The Winter Blues
Seasonal Affective Disorder (SAD)
Seasonal Affective Disorder (SAD) is a term we hear often, particularly in the north where the winter brings long nights, short days, and minimal opportunities to be outside. What is SAD, really? It is a reaction to a lower amount of sunlight that produces symptoms similar to depression. These can include lack of energy, increased fatigue, increased or decreased appetite, loss of interest in activities, feeling sluggish (particularly in the afternoon), unhappiness, and social withdrawal/isolation. Typically with SAD these symptoms begin in late fall/early winter and will start to subside as the days grow longer in the spring.
It may be difficult to distinguish SAD from other forms of mood disorders, including depression. If you are struggling to identify if you have SAD versus depression, discussing your history and symptoms with a healthcare professional can help.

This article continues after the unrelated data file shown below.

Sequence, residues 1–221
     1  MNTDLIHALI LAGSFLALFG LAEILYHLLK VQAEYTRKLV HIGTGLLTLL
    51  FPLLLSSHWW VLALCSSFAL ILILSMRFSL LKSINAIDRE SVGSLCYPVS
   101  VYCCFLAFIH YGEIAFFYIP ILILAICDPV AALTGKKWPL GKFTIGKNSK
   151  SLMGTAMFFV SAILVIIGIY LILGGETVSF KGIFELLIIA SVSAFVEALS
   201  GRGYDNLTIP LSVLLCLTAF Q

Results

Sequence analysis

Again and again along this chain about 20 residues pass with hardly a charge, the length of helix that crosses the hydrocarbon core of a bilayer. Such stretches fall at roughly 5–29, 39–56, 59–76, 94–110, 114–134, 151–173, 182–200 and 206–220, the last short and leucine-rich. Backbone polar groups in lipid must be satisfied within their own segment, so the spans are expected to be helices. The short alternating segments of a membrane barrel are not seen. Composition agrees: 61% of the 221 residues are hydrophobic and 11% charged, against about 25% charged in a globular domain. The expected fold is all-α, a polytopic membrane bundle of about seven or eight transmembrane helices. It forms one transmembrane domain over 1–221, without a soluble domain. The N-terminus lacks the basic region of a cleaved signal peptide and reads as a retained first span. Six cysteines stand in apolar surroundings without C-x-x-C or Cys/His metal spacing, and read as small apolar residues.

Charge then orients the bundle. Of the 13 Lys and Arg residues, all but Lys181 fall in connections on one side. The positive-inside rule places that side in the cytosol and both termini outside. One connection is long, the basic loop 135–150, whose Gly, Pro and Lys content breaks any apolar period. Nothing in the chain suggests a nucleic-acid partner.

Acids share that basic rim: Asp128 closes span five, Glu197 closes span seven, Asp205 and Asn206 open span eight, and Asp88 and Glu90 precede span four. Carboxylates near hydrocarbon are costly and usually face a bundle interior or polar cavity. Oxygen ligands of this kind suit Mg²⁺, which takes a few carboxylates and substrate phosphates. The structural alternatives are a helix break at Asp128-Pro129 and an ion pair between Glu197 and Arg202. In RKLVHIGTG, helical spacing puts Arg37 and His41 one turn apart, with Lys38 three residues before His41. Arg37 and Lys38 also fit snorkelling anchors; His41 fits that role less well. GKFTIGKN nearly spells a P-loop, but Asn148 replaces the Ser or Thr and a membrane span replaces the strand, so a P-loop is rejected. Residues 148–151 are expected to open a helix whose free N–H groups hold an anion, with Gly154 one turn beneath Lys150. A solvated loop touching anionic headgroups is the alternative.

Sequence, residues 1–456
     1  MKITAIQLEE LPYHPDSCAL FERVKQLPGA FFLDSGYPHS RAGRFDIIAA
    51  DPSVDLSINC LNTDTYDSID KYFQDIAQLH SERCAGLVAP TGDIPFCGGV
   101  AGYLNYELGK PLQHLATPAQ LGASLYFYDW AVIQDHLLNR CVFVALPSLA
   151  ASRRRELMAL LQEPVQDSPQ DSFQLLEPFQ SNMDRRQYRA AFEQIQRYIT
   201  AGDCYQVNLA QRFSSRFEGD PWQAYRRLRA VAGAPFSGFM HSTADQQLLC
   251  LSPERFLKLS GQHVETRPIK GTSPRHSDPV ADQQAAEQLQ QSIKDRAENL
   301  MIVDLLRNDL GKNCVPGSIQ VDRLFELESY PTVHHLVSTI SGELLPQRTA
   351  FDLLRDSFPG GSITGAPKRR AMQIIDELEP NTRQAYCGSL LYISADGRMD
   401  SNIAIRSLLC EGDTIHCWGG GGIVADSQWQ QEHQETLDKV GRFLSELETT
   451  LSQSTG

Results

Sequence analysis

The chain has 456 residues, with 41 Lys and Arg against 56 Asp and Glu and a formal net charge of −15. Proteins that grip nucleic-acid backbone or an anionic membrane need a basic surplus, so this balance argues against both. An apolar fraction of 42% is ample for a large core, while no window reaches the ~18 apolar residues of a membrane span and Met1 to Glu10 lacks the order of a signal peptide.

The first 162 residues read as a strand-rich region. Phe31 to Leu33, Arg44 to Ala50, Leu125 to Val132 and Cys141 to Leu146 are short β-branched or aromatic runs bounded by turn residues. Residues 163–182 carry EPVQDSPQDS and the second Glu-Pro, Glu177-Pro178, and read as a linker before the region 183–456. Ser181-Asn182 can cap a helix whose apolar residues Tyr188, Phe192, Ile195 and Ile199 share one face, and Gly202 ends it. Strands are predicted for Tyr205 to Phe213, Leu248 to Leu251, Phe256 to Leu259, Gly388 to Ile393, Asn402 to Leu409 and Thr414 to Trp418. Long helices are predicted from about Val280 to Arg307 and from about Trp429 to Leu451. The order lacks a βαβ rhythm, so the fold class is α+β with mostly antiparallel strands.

What can you do to manage SAD symptoms? If you are struggling with some (or all) of these symptoms, self-care and a healthy approach to life are key factors to your success. This includes regular exercise, a diet that is rich in vegetables, protein and vitamin D, minimizing caffeine and stimulant intake, regular social contact, and getting as much exposure to sunlight as possible, especially in the morning and early afternoon hours. If this is not possible for you on a regular basis, some people will purchase a light therapy unit for their personal use. Before embarking on this path, however, it is recommended that you discuss this option with your physician, as light therapy has potential side effects and must be used appropriately. In some cases, individuals will use anti-depressant medication to manage their symptoms.
If you would like to learn more about SAD, the following resources are available:
U.S. National Library of Medicine
You can also contact HUM to speak with a healthcare professional about SAD or other struggles you may be having. We promote health and well-being along biological, psychological, social, and spiritual lines. You can reach us at 403-536-2480. Do not let the winter blues get you down!
Paige Abbott, M.Sc., R.Psych.